Purpose driven people are happy people and they are self-actualized – meaning they don’t need someone to tell them what to do, think, feel, say, or do. They approach life from a position of “real power” and at the same time are able to acknowledge the uniqueness of each one of us. I got an email today from a reader telling me I would go to hell if I didn’t believe what he did and my response is – “it’s a free country and we get to live our lives the way we choose”.  I am empowered and energized by this thought. I am free – as are you – to live a purpose driven life or stay on the path you are on. We are ALWAYS “at choice” so CHOOSE YOURSELF TODAY!

7.  Get close to “real” people

This key is important in today’s world. “Friends” are NOT on the internet – they are in our REAL lives. Be aware that we need each other. Make it a point to be kind to others – smile, acknowledge them when you can, call people by their names and look them in the eyes when you speak to them. People are what make life worth living – not the cyber world of “fake” experiences and relationships.

8.  Get close to your family

My daughter is going through a difficult time in her life right now. She is facing challenges that are most uncommon and have her living “on edge” every day. She has a 7 year old son who needs her and a career in business to re-establish and beyond. I spoke with her last night and told her “I am here for you – whatever you need”.  As a father I sometimes feel helpless because she is a grown woman but she is still my daughter and I love her. It is my job now to just be her father and love her – tough as that may be for me. Take this step in your own life in the coming year and see what happens – you might surprise yourself at how your family responds to you.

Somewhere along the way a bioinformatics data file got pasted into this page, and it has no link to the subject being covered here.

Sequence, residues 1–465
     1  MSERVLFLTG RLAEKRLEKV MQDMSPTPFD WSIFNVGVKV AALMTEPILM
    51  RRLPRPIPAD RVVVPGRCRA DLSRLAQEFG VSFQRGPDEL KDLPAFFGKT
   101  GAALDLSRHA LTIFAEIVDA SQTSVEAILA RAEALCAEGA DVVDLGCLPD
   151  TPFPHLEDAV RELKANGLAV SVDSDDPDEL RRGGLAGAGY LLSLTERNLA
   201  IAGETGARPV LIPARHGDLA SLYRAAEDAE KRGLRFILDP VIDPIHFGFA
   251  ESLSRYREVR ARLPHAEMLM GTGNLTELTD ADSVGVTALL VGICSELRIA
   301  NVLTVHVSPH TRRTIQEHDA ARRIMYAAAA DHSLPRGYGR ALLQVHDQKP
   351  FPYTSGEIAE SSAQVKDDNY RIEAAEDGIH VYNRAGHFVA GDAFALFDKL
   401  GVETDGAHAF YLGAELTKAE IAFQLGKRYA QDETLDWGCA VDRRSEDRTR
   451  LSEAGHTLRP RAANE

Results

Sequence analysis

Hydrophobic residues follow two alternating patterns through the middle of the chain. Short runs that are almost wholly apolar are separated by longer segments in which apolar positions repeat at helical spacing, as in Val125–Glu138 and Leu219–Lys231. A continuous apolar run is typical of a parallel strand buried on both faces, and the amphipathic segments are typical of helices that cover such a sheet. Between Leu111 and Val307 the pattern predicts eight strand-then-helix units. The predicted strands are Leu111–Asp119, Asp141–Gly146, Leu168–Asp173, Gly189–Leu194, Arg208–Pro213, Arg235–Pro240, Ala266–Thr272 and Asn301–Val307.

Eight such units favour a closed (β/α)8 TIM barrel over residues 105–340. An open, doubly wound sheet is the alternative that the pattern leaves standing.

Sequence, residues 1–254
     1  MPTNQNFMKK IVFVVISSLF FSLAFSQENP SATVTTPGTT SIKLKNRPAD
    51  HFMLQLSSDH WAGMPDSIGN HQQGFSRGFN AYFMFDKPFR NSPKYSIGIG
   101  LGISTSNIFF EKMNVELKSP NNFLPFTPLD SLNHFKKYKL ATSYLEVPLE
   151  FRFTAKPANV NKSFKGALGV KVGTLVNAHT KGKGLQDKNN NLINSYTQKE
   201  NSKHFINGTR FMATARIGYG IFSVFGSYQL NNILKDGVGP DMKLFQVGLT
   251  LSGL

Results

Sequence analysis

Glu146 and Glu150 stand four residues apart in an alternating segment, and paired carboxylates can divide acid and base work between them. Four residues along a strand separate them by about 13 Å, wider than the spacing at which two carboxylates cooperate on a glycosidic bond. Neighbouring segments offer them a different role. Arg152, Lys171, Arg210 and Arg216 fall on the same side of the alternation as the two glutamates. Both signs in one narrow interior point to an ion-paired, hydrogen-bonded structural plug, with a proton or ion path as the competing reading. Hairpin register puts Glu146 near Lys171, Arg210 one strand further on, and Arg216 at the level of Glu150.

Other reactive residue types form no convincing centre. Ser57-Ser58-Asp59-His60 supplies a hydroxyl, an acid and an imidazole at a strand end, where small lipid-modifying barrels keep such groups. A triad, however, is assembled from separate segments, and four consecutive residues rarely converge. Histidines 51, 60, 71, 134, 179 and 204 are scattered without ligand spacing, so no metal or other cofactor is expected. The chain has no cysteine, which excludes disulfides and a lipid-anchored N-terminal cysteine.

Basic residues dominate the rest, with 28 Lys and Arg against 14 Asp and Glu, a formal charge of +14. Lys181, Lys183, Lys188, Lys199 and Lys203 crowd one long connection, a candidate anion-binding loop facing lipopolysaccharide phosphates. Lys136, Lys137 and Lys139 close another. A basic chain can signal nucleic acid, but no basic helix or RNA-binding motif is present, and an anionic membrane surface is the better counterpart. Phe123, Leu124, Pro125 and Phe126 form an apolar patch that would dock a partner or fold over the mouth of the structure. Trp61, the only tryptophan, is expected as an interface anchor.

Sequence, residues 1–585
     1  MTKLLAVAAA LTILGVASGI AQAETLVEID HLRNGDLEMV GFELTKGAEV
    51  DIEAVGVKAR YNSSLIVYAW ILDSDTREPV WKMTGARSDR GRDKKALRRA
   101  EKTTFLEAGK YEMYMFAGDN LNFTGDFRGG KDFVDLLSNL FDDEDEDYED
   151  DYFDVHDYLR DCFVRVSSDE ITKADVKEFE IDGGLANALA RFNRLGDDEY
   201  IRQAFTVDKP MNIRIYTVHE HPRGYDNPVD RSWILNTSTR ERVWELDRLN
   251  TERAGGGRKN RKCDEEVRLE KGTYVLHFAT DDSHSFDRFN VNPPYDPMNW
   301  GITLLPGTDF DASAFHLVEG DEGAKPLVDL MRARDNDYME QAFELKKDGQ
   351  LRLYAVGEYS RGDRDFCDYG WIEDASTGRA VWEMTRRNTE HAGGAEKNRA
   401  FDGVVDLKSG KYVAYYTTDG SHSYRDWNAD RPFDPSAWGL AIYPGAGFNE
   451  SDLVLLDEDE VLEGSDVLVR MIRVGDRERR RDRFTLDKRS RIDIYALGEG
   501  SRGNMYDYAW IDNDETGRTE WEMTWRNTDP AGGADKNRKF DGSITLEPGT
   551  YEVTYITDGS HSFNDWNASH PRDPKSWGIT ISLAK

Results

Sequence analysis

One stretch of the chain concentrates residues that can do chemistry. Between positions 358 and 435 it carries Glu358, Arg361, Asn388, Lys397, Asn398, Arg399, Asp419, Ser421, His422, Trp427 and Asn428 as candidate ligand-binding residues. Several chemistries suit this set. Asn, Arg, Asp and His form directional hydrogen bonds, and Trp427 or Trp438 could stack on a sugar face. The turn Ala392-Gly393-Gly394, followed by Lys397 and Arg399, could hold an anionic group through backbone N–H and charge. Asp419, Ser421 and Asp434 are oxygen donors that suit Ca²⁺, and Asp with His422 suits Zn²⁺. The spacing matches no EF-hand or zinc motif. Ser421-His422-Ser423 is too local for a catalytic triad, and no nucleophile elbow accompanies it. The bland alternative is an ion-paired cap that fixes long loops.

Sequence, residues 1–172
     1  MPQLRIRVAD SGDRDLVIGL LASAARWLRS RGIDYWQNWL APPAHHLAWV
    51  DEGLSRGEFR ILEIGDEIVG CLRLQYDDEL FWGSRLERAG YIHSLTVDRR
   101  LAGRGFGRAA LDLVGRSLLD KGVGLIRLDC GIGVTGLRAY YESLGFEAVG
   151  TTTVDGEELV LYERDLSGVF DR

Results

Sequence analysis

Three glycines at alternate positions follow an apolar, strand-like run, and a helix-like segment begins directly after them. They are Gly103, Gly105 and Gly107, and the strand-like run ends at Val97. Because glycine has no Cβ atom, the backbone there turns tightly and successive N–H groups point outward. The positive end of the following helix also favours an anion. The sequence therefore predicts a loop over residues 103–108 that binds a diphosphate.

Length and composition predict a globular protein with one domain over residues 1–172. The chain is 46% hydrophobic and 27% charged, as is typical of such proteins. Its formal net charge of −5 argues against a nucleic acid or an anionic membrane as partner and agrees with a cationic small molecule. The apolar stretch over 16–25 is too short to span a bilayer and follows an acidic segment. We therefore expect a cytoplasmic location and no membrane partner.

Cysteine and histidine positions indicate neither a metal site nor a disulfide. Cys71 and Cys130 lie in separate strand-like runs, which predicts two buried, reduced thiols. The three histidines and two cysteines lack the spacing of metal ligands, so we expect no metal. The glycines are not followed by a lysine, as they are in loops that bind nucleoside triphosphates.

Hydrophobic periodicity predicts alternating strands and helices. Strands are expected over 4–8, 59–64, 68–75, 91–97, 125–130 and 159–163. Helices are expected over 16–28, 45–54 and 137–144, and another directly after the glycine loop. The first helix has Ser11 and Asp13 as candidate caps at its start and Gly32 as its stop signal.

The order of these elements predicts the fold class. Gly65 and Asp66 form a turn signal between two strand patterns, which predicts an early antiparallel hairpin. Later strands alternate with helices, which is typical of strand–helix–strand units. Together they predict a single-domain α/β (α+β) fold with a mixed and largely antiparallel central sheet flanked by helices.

9.  Get serious about your own health and fitness

Time has a way of marching on and to the degree that you acknowledge the passage of time you begin to appreciate what you have been given – and have in life. I am grateful everyday for my passion for training and running because I know it can be taken from me at any time. I live in the present when I am running or lifting weights and it is a practice I hope to continue until the end. I am serious about my fitness program because it gives me the energy and strength to do my work – teaching, speaking and writing on matters of healthy aging, fitness and exercise. Are your energy levels low? Get moving!

10.  Get to know yourself

This is perhaps the best thing we could do to prepare for the year ahead. Get to know yourself and start appreciating the magnificence that is you. Getting to know your self is a lifelong pursuit. The journey never ends.  I have learned during the course of my 66 years that I DID NOT appreciate myself at all – I had to learn the hard way through difficult and painful experiences that until I could love myself – and appreciate what it is I am here to do – that no one would ever appreciate – or love – me either. I spend time (each day) thinking about my life – and my contribution to life itself – and ask myself “is there more that I can learn or do today?” You should do this too – it will help immeasurably improve the quality of your life now and in the years ahead.